Navy SEAL teams support each other while moving through the battle zone. One team provides cover from enemy fire for the other team to advance in the right direction. Once the team has advanced, this team provides cover to the team that was giving cover initially. That’s how the teams advance and support each other. There is no one-man army in the Navy SEAL team. They must execute missions with teams supporting each other throughout.

5. Hell Week:
Hell WeekNavy SEALs are famous for their Hell Week, which is the culmination of the entire Basic Navy SEAL Training. It is so gruesome that out of two hundred young men, hardly twenty or thirty make the cut. They are sleep deprived for the entire Hell Week and get a chance to sleep for only a few hours. This is not a test of their physical ability but their mental toughness. Surprisingly, the young men with big muscles and tough looks are the first to quit. Though the SEALs require physical training, they also require mental toughness that will come handy when executing missions against well-trained merciless terrorists.

6. Develop “Front-Sight Focus”:
Develop “Front-Sight Focus”Navy SEALs are trained to focus on one target at a time, which means they do not change their focus until they have dealt with the first target. This helps them improve their accuracy while shooting. They do this with the help of various techniques that include breathing, meditation, etc. Looking and focusing are two different things. With focus, Navy SEALs hit the bulls-eye not just once, but every time.

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7. “Prioritize and Execute”:
While executing missions in war zones, Navy SEALs must prioritize their actions by consistently asking questions like:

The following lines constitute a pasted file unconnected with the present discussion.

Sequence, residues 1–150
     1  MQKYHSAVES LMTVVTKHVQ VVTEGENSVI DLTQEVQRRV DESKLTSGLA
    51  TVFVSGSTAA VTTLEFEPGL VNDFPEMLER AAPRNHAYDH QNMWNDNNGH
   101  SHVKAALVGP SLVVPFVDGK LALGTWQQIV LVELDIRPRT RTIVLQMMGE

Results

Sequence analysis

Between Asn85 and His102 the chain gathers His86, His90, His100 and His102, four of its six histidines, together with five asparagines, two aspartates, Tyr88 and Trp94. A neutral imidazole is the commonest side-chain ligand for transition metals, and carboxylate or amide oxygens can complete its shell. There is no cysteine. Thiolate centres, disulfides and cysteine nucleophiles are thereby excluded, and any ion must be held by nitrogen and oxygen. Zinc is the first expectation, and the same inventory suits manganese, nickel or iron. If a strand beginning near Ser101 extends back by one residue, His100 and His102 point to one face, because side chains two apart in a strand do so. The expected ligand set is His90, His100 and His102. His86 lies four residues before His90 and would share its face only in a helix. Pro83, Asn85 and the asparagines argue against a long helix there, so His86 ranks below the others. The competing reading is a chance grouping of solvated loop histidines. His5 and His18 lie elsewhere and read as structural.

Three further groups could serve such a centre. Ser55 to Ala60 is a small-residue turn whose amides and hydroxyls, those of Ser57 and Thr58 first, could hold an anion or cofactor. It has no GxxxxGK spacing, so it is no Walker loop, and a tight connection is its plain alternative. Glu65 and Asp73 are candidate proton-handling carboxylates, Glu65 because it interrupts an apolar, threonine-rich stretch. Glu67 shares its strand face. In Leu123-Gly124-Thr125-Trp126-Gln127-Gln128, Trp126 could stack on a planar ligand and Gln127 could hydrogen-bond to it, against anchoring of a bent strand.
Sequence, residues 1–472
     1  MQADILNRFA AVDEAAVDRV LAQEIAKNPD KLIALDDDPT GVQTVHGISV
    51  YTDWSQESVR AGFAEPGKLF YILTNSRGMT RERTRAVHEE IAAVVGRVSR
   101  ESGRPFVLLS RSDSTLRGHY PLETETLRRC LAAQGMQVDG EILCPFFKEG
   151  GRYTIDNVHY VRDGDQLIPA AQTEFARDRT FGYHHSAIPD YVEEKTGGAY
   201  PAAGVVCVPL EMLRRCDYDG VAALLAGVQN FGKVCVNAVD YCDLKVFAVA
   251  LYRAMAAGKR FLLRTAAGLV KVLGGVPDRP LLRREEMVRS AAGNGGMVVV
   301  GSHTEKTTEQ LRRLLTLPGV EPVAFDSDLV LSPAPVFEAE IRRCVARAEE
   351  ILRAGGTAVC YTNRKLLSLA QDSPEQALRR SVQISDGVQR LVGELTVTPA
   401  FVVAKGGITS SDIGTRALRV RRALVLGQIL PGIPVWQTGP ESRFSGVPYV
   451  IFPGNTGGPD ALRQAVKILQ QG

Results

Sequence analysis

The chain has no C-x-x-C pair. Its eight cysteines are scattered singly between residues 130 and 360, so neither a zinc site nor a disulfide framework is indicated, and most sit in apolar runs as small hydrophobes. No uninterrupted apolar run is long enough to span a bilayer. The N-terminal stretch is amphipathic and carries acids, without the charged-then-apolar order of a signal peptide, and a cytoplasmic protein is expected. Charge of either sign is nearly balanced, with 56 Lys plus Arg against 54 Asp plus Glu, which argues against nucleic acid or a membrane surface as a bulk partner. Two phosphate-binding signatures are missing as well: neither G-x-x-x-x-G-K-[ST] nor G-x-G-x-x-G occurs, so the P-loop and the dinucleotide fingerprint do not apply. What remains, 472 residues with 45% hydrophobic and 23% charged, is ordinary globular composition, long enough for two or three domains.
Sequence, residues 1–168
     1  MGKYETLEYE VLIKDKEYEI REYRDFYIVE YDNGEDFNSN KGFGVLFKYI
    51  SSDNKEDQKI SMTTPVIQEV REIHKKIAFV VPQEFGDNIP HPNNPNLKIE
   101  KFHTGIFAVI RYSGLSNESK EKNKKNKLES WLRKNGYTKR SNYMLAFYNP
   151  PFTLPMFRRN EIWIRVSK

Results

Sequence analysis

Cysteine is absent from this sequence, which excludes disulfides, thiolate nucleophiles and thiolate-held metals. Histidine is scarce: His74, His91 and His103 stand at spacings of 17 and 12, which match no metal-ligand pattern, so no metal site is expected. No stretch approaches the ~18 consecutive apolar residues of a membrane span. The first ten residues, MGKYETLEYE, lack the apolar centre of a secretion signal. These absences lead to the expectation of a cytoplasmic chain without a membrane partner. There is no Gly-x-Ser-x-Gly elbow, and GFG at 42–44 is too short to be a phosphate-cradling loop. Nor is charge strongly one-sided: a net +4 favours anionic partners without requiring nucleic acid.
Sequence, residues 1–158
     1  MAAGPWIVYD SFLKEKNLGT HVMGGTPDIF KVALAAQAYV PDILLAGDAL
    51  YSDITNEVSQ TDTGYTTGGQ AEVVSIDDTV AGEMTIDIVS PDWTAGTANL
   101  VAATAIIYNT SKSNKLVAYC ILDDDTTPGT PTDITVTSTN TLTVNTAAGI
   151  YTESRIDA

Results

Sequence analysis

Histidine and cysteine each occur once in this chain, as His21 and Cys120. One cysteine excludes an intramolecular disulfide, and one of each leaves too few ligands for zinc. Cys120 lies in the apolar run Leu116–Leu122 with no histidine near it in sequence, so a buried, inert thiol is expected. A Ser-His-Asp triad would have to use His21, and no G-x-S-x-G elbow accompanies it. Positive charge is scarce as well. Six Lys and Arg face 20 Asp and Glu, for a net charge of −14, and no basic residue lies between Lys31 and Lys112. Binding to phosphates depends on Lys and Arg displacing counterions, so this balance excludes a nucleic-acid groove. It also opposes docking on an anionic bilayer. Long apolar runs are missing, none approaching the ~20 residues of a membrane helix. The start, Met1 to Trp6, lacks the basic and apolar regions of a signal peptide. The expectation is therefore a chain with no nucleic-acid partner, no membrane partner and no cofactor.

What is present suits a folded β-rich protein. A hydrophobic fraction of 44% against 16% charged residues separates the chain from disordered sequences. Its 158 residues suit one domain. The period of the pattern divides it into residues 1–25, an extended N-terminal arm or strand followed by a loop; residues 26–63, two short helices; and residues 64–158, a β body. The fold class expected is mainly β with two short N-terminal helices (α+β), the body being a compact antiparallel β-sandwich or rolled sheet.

1. “Will this target give a high return on investment?”
  2. “How important is it for the success of the overall mission?”
  3. “Is the time optimal for engaging with the target?”

Prioritizing enables SEAL teams to be effective. They can’t afford to engage with just any target that comes their way; they chose their battle effectively.

8. Decentralize Command:
The Navy SEAL CO (Commanding Officer), with other political and defense leaders, craft a strategy that is then shared with tactical SEAL Teams deployed in war zones for execution. The leadership teams know that they can’t make all of the decisions for the Navy SEAL team deployed, hence they decentralize command by entrusting the teams below them to take their own decisions. They communicate the leader’s intent with the strategy and then act as a support to the execution teams. The leaders trust their team to make adjustments and adapt to the changing environment.

After spending days researching and taking notes on Navy SEALs, I am fascinated by the level of commitment and drive such Special Forces showcase. It was indeed exciting to read battlefield stories of grit and courage that touch your heart and make you believe in the potential you have.

But as we say, true learning begins when you apply what you learn. Share the article with your friends, colleagues and bosses, and spread the leadership wisdom across your influence circle.